Do I still have to wear a mask in Minnesota? In some cities, businesses, yes

Gov. Tim Walz on Friday lifted his statewide mask mandate, leaving businesses, cities to set their own rules

A surgical mask and an N95 mask hang on display for sale at a pharmacy. Photo by Sean Gallup/Getty Images.

Within two hours of Gov. Tim Walz’s sudden Thursday announcement that he would end Minnesota’s statewide mask mandate, YMCA employees in the Twin Cities learned by email that “effective immediately” many patrons and employees would no longer need to wear masks indoors if fully vaccinated.

By next morning, YMCA employees received another email saying the new directive would only apply to the YMCA Southdale location in Edina. Masks would still be required at YMCA facilities in Minneapolis and St. Paul, two cities that have not yet lifted their mask mandates.

The confusion and scrambling that followed the abrupt shift in guidance from the U.S. Centers for Disease Control and Prevention is a reflection of the patchwork of government orders that businesses and Minnesotans will have to navigate.

Many large businesses said they would keep their mask rules in place, including Target, Walmart and Home Depot. Meanwhile, Minneapolis Mayor Jacob Frey and St. Paul Mayor Melvin Carter said the state’s two largest cities would keep mask mandates in place.

“We’re the regulatory floor, not the ceiling,” said Teddy Tschann, a Walz spokesman. “Businesses and local communities can do their own.”

Meanwhile, at the Legislature, the House DFL moved Friday to eliminate its mask rule for members. The GOP-led Senate had already made masks optional.

Previously, Walz had set July 1 as the deadline for when he would lift the mask mandate, first implemented last July. The mandate could be lifted sooner once 70% of the eligible population had at least one shot; currently that rate is 61%.

People are considered fully vaccinated two weeks after receiving their second dose of the Pfizer-BioNTech or Moderna vaccine; or two weeks after the one-shot Johnson & Johnson vaccine.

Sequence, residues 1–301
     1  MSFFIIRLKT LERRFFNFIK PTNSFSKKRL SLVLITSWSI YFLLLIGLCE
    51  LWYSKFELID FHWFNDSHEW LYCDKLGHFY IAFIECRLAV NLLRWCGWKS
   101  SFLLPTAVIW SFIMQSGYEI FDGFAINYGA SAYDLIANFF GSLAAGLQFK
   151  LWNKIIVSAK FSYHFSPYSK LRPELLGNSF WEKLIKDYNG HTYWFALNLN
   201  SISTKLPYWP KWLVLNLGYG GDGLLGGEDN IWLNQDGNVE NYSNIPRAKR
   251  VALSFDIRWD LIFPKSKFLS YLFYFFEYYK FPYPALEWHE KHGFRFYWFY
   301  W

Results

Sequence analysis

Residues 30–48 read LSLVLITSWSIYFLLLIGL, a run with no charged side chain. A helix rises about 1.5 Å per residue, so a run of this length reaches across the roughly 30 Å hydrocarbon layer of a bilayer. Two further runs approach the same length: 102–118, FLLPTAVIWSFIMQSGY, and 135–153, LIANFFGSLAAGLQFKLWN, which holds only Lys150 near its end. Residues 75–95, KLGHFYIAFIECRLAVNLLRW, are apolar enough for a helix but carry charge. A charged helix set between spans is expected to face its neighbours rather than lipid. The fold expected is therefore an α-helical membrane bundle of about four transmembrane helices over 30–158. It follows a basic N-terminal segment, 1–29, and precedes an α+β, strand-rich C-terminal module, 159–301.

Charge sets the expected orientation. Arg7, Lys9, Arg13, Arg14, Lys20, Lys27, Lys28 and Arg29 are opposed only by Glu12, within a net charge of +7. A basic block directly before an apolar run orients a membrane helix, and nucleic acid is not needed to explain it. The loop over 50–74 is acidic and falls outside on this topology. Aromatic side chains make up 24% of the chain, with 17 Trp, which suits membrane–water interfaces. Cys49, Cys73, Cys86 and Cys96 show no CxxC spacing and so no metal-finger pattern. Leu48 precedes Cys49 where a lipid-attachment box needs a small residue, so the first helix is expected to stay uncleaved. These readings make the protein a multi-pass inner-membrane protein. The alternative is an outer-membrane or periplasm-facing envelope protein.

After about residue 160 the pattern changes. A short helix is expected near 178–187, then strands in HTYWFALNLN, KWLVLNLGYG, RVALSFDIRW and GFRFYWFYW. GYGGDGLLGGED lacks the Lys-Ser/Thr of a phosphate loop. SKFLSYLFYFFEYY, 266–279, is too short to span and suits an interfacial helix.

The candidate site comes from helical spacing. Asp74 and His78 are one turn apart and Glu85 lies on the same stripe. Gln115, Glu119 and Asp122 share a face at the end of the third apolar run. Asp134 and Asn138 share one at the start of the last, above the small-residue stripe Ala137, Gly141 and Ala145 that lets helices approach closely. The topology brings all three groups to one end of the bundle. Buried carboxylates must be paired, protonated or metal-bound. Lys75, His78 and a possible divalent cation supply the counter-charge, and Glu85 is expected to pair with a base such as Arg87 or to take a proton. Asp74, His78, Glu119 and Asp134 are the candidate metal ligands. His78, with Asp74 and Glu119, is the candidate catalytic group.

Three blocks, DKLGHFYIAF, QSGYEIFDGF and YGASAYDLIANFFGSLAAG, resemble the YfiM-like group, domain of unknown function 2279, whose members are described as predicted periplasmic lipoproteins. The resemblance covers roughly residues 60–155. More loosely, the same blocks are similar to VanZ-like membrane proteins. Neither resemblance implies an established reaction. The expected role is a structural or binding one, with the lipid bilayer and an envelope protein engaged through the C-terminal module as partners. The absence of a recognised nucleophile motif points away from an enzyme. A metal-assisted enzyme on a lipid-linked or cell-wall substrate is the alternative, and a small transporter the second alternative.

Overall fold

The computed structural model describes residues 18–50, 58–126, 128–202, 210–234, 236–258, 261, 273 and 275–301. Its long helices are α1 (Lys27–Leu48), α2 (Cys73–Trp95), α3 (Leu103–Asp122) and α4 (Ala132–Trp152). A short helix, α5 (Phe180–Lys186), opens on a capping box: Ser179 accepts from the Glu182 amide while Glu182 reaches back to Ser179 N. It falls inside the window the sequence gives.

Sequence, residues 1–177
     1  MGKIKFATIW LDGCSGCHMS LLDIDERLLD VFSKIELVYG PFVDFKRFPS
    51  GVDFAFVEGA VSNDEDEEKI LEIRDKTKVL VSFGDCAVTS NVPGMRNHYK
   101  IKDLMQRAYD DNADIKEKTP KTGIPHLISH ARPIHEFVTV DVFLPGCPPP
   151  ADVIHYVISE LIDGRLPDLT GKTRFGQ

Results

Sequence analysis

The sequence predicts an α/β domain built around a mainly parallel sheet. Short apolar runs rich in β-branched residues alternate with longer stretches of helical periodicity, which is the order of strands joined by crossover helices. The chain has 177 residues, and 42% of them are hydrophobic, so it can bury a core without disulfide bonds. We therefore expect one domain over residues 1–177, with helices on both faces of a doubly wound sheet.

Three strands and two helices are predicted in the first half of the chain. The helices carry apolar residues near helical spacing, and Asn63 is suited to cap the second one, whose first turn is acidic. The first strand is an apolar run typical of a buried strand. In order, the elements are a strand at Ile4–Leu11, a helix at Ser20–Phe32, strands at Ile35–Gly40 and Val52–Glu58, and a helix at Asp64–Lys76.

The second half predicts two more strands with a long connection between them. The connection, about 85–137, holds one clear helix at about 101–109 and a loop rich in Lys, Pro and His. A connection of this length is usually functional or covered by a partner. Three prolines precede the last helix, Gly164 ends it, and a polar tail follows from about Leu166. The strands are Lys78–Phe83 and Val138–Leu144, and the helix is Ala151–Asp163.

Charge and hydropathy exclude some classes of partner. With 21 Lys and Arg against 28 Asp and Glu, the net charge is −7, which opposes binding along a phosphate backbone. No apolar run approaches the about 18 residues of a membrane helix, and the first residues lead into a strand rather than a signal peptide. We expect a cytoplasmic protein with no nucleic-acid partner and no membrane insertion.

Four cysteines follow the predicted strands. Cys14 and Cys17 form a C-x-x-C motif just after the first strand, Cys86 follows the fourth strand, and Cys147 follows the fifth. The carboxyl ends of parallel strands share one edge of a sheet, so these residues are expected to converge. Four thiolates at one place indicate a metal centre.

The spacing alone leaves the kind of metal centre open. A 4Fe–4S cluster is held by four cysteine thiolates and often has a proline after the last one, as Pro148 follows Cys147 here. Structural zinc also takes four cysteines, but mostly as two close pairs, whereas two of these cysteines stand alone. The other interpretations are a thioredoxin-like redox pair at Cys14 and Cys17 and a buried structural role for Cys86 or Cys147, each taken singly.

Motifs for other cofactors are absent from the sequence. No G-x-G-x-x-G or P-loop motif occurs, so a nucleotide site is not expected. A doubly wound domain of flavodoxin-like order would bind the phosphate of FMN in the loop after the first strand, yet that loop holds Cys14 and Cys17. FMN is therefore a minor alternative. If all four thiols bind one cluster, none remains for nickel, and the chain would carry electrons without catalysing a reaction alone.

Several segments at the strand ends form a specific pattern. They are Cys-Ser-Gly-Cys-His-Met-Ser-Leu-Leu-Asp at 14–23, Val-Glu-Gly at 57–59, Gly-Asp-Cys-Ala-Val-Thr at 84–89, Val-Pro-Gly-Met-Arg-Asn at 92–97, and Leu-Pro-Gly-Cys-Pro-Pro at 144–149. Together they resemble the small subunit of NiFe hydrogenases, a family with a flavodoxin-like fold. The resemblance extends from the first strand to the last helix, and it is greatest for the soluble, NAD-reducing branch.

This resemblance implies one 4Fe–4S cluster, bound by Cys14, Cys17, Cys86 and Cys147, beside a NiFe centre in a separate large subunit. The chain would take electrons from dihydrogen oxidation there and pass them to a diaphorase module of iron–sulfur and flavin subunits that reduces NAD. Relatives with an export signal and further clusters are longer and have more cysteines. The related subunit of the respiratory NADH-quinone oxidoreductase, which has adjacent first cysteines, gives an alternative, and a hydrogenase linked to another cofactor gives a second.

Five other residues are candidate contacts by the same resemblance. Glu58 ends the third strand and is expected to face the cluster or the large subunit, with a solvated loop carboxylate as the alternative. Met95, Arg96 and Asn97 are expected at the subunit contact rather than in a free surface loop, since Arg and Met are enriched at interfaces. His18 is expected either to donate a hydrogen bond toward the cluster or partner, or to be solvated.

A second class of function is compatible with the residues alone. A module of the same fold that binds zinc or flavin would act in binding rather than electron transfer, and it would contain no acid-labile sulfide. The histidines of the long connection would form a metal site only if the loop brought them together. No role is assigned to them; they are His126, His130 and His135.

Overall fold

While a majority of Minnesotans have now been vaccinated, the rates are uneven.

Minneapolis Council Member Lisa Bender on Friday tweeted alarming figures that show racial disparities in vaccination among Minneapolis residents.

“Our city Health Commissioner is explaining that the mask mandate in Minneapolis will stay in place because while 71% of white people have received one dose, that number is 28% of our Black neighbors and 35% for Latino people in Minneapolis,” Bender tweeted.

State health officials are stepping up outreach efforts to convince people who are hesitant to get the COVID-19 vaccine, emphasizing the vaccine’s efficacy and safety, as well as offering walk-in services at vaccination sites across the state.

Walz on Thursday urged people who were not yet vaccinated to do so. He said the federal guidance, while arriving without any prior notice, made the enforceability of a mask mandate impractical.

Determining who is fully vaccinated and who isn’t would create a “dual-tiered” system that would become too confusing, he said.

Adding to the challenges is staunch opposition by Minnesota Republicans to so-called vaccine passports, which some private companies have begun offering to people who want to provide proof of their vaccination status. Senate Republicans are moving to approve legislation that would ban vaccine passports, despite Walz’s previous comments that he is not considering such measures.

Minnesotans navigating the state’s transition away from mask requirements will also have to abide by masking rules still in place in school districts.

Walz said on Thursday that school districts will set their own mask policies once the school year ends, but until then, masks would continue to be required.

“I’m disappointed it looks like our kids will still be masked in classrooms and when playing sports when they are not a high risk,” Senate Majority Leader Paul Gazelka, R-East Gull Lake, tweeted on Thursday, saying it was “about time” Walz had lifted the mandate. Although young people and children are at low risk for serious COVID-19 sickness, they have been the source of broad outbreaks, which in turn can wind up infecting more vulnerable populations, including their teachers. Last month, the sixth Minnesota school staff member died due to complications of COVID-19.